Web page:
SpaceX’s Falcon 9 rocket carrying the Crew Dragon spits fire as it lifts off from Kennedy Space Center in Florida, 23 April at 05:49 local time. On board are ESA astronaut Thomas Pesquet, NASA astronauts Megan McArthur and Shane Kimbrough, and JAXA (Japan Aerospace Exploration Agency) astronaut Akihiko Hoshide.

The crew of four spent around 23 hours orbiting Earth and catching up with the International Space Station after their launch before docking to the Node-2 Harmony module, marking the start of ESA’s six-month mission Alpha.

Thomas is the first European to be launched to space on a US spacecraft in over a decade. The new Crew Dragon ships four astronauts at a time, allowing more people to live and work on the International Space Station doing more research for scientists on Earth.

Alpha is Thomas’ second space mission, and everything is set to be bigger and brighter. A Russian laboratory module, scheduled to arrive in the summer with a European robotic arm, will offer more ways of maintaining the International Space Station and supporting spacewalkers as they work outside. Thomas will help set up this arm and prepare it for use during the Alpha mission.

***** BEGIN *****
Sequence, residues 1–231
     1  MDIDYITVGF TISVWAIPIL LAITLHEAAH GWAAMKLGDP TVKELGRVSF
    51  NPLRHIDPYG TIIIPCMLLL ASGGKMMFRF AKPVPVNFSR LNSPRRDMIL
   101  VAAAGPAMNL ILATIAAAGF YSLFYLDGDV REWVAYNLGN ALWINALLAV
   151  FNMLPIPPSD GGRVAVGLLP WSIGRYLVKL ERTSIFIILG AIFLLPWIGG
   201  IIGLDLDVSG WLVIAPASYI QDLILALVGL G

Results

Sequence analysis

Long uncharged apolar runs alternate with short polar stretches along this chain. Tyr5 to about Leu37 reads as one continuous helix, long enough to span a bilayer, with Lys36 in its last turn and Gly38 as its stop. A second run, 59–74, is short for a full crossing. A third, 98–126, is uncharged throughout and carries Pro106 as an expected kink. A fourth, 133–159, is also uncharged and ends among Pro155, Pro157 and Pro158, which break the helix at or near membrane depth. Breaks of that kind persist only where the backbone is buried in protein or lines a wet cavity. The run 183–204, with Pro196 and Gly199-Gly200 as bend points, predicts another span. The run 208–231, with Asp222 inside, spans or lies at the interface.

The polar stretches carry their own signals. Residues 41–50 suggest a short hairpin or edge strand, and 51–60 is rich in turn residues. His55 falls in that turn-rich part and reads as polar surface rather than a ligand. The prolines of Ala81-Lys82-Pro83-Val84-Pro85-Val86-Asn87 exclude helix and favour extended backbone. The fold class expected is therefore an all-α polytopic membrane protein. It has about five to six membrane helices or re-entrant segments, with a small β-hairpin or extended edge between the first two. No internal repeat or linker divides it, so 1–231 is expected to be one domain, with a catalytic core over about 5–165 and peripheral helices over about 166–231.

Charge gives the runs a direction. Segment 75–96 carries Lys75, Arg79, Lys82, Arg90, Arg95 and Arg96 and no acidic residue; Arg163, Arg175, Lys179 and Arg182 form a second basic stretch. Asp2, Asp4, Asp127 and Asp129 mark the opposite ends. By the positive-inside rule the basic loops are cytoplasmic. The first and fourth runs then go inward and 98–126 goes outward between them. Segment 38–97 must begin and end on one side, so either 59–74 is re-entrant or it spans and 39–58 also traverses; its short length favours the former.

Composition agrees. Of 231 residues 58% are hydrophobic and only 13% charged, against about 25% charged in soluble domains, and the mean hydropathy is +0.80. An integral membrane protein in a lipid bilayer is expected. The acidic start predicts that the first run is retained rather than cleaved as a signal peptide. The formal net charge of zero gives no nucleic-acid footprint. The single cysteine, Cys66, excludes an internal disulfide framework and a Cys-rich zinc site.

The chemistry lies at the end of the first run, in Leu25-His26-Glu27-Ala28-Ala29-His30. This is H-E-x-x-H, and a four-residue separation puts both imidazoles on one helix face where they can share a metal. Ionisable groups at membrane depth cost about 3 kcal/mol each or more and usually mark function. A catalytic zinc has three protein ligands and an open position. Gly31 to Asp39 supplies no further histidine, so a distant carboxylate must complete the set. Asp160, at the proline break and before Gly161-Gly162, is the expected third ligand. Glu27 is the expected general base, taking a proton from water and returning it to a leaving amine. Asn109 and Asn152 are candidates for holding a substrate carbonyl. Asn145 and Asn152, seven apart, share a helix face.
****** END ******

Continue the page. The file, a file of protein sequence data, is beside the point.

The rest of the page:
Over 200 international experiments are planned during Thomas’ time in space. Of the 40 European ones, 12 are new experiments led by the French space agency CNES.

At the end of the Alpha mission in October, Thomas will take over commander of the International Space Station for a brief period and welcome ESA astronaut Matthias Maurer on his first flight to space.

Latest updates on the Alpha mission can be found on Twitter @esaspaceflight, with more details on ESA’s exploration blog via

Background information on the Alpha mission is available at with a brochure at